The Top 100 Wines of 2003 Winemaker: Bob Foley
Sunday, December 7, 2003
San Francisco Chronicle
By Mike Weiss
Bob Foley was 16 years old, well below the legal drinking age, when he discovered his vocation: He would become a winemaker.
His destiny revealed itself when a neighbor of his family's in Alamo took the youngster along to work with him at Inglenook. In a dark, dank cellar at one of California's most venerable wineries, Bob was given a taste directly from a cask of Inglenook 1968 Charbono, an obscure grape. "I went 'Gawd!' " Foley says, recalling the moment while sitting at a picnic table on a sun-kissed October day at Pride Mountain Vineyards, where he has become celebrated as a winemaker. "All my passionate senses told me I want to make wines as good as this."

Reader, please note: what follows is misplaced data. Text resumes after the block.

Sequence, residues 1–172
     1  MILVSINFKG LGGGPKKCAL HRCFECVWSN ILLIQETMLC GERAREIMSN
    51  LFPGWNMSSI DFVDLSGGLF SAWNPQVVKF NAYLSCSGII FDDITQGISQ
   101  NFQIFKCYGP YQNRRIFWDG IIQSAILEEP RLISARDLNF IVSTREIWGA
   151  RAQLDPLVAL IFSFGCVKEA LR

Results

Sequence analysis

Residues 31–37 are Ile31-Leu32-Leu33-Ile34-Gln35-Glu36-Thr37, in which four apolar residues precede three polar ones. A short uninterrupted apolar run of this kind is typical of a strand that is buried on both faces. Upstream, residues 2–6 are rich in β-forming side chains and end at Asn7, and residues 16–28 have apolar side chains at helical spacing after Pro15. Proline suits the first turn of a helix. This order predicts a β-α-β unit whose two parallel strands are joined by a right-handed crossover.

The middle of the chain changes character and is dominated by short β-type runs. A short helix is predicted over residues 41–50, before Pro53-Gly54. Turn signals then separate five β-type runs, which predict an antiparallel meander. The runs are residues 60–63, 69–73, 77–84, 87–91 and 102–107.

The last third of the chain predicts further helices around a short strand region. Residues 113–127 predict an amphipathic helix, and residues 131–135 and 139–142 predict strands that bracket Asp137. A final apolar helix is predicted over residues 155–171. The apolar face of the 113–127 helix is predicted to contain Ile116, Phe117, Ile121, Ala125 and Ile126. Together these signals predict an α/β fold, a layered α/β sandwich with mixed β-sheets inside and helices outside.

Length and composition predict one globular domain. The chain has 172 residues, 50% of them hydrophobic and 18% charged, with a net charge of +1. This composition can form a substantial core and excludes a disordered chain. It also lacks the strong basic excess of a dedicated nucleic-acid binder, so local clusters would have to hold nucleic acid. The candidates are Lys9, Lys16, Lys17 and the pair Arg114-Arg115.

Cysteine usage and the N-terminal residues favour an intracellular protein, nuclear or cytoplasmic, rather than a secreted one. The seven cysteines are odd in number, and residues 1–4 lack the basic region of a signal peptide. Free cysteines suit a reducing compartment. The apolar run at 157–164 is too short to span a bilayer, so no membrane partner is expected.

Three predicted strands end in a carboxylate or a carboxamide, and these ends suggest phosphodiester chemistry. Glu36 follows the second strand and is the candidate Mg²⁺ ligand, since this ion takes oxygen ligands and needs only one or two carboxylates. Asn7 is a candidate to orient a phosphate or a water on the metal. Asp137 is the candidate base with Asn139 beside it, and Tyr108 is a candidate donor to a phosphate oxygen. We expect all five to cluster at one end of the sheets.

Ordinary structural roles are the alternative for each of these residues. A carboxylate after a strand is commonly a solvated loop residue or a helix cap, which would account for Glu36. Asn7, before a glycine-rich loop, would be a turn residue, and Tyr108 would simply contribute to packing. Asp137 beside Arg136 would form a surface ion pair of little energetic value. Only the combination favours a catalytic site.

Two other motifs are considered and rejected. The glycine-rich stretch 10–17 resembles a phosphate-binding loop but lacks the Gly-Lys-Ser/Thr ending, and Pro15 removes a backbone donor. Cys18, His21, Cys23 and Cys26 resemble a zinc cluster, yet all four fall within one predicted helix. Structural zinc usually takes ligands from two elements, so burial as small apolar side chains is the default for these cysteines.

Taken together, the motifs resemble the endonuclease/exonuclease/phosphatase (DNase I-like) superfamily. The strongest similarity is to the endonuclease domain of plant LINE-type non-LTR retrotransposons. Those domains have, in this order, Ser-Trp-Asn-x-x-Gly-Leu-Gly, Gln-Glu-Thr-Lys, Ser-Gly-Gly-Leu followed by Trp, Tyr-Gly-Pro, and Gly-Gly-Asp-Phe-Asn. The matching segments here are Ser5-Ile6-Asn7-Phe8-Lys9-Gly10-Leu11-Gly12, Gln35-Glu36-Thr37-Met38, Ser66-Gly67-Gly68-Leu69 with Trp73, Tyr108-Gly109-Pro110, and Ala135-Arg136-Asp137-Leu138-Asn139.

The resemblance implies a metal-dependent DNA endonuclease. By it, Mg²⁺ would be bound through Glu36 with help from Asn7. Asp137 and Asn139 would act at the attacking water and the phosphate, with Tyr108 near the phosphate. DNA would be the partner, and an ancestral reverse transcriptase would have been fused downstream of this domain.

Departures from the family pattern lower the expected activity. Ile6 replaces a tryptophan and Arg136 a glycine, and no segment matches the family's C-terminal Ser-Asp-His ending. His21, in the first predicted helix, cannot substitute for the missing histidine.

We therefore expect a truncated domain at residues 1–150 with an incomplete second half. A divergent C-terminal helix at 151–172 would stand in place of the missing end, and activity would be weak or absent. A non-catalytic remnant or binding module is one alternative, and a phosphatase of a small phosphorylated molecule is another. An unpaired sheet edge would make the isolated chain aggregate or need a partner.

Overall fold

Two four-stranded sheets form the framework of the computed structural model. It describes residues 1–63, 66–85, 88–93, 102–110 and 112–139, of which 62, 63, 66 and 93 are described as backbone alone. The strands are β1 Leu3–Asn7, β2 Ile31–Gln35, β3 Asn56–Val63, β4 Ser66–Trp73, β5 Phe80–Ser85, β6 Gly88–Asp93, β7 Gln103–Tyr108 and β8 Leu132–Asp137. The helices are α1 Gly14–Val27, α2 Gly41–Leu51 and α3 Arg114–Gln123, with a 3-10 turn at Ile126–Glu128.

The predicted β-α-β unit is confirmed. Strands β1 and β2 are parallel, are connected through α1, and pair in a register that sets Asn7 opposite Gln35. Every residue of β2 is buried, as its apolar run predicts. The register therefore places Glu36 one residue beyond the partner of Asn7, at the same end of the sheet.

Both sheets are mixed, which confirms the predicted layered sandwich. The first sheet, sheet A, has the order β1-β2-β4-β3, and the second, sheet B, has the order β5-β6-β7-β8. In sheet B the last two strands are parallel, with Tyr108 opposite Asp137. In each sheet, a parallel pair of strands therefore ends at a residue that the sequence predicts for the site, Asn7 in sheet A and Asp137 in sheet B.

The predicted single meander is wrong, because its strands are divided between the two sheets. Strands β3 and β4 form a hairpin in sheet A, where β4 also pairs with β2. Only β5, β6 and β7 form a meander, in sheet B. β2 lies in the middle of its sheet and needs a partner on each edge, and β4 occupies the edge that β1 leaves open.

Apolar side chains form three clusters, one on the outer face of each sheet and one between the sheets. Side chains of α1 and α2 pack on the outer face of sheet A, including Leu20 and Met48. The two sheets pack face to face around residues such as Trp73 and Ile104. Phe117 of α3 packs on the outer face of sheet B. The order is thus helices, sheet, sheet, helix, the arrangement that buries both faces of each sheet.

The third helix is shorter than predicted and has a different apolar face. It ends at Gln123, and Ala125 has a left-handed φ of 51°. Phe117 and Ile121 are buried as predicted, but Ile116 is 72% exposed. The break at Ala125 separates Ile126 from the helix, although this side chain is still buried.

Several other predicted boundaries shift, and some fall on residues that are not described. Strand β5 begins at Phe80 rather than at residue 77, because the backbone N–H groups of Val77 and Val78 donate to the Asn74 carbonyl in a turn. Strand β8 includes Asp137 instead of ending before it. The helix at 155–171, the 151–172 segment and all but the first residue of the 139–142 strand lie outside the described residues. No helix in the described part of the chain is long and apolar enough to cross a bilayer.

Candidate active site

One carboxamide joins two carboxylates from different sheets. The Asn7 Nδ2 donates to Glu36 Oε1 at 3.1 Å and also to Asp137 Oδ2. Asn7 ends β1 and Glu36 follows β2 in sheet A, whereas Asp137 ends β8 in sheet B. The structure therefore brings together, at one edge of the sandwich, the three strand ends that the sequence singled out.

The decision did not displease his parents, whose home winemaking was a serious hobby. His mother is French Swiss; his father was a California native. Straight from U. C. Davis in 1977, Foley was hired as a cellar worker by the legendary Joe Heitz. A year later, he became the founding winemaker at Markham, where he remained until joining Jim and Carolyn Pride in 1991 to make small quantities of top-end wine on their 200 acres in the Mayacamas mountains at 2,100 feet.
Today, they have 82 acres of vineyard and make about 20,000 cases of 13 different wines. "We are winegrowers here," says Foley, who at 50 has an open, friendly American face hatched with laugh lines at his eyes and mouth. "We pay close attention to flavors, to textures, to aromas, to colors. Those are pretty much the center of our universe." More